Probably the closest connect Assam and Chennai have is the common affinity for rice in their respective cuisines. But the connect has been strengthening in the last 10 years or so, as there are an estimated 20,000 Assamese people settled in and around Chennai. This includes the families of those settled in the city for many years, the working population here on jobs and postings and the student population. Sulakshan Saikia, president, Assam Association of Chennai says, “We could say that the migration from the North Eastern State began to increase during the tenure of Bishnuram Medhi, who served as the Governor of Madras State between 1958 and 1964.”
Saikia, who belongs to Jorhat, Upper Assam, adds that one would find a good percentage of Assamese currently employed at ONGC in Chennai. “Many on work are employed in the IT companies as well. You would find a predominant Assamese population in all fields of work here,” he says.
The Assam Association of Chennai, which has been functioning for several years, was formally registered in 2006. Exhibiting the oneness the Assamese feel with the city, the souvenir brought out by the association has been titled Cauvery. Saikia explains, “In Assam, the same release is called Brahmaputra. Here we decided to call it Cauvery, as it is one of the most important rivers for Tamil Nadu.”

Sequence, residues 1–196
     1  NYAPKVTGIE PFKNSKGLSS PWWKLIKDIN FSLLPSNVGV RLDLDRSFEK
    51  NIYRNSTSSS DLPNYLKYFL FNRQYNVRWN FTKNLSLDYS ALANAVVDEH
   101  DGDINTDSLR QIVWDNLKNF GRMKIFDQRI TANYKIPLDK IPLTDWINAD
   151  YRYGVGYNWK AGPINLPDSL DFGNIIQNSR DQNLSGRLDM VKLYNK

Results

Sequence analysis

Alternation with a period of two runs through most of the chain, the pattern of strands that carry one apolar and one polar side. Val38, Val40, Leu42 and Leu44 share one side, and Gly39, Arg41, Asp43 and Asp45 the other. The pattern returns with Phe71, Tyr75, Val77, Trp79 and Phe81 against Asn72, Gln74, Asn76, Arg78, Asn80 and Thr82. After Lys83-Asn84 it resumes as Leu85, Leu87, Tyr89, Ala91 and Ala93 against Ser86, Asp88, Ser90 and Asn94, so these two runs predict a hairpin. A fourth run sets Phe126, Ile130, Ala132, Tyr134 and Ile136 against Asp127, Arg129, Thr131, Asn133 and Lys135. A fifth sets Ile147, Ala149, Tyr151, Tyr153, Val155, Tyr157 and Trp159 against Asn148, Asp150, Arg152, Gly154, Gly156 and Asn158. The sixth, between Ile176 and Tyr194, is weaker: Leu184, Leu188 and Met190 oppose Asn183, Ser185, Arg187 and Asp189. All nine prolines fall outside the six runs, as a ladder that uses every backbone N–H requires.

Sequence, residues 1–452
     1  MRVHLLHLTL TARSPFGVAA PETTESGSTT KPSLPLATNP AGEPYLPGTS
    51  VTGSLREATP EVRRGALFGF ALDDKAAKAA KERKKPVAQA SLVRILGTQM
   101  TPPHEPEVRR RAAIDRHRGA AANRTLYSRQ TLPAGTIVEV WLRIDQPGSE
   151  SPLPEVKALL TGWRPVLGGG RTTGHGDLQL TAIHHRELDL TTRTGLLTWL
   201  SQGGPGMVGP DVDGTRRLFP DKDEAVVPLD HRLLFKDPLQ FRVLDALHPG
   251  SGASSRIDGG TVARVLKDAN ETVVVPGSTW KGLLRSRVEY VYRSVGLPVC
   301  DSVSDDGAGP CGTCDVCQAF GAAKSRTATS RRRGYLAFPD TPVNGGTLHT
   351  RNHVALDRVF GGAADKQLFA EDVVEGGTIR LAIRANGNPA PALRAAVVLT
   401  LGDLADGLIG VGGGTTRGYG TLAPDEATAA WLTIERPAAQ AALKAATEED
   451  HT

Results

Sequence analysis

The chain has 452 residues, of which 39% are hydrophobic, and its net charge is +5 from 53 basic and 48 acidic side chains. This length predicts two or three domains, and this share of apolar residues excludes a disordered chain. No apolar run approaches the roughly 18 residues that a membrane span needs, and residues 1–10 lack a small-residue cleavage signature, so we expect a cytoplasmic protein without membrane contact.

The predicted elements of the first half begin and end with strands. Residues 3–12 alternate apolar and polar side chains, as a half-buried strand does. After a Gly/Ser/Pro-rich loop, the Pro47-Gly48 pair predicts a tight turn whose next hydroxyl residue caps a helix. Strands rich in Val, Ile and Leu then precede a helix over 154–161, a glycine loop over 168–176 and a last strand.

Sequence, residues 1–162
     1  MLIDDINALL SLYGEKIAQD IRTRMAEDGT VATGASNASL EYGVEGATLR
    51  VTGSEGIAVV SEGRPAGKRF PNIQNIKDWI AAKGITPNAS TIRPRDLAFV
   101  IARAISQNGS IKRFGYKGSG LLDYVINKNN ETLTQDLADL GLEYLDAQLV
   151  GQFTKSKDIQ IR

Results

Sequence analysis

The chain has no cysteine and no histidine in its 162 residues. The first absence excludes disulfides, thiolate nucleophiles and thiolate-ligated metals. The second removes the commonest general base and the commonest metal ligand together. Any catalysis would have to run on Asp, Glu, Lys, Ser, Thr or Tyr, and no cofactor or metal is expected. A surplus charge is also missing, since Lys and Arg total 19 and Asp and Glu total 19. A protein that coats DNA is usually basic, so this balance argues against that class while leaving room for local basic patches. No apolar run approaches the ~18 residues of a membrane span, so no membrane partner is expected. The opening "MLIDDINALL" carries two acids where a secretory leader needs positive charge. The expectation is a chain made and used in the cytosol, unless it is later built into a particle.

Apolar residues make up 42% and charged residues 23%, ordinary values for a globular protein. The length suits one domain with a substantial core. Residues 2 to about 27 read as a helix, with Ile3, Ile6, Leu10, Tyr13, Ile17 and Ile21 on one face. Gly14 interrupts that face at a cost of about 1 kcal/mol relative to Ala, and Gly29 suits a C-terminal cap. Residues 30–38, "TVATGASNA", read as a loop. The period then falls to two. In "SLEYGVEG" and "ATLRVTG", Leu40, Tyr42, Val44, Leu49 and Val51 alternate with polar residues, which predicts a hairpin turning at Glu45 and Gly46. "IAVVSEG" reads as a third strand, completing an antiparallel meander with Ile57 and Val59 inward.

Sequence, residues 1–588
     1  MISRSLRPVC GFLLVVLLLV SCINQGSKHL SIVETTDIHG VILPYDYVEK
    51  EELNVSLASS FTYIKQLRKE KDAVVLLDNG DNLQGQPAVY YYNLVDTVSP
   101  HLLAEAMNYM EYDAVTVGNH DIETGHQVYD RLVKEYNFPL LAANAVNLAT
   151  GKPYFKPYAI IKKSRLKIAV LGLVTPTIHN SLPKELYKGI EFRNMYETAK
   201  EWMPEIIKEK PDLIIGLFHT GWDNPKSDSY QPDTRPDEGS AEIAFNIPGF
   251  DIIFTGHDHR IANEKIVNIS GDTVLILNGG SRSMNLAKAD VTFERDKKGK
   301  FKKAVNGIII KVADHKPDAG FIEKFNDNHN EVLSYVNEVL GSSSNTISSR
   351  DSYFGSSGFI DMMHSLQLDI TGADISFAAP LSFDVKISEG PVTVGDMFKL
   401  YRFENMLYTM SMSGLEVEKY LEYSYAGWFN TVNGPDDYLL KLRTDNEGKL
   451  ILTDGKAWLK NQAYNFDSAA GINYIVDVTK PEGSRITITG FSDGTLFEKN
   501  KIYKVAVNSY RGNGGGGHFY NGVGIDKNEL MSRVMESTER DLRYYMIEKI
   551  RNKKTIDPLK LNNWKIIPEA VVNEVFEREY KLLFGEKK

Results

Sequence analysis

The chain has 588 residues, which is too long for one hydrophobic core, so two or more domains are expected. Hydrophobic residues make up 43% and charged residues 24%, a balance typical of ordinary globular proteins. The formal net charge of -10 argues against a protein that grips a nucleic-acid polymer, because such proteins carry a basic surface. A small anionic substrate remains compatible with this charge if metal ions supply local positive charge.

Secretary of the association G N Boruah says that the city has the advantage of having one of the most robust health sector, making it suitable for many who are looking for the best of infrastructure to settle down.
Saikia adds, “With a volatile atmosphere back home and uncertainty looming large always, Chennai for us has always been safe and calm. That is why we all like it here despite the language issue.”
For Samir Baruah, who works with IOB and has been settled in Chennai for more than 30 years, the goodness of the local crowd and hospitality have made it a home away from home.
Baruah highlights an interesting link that was established between Tamil Nadu and Rangoon in the pre-independence time when Assam was part of Burma. “Our bank’s founder established offices in Madras and Rangoon. Both have always been known as rice bowls,” he says with a laugh.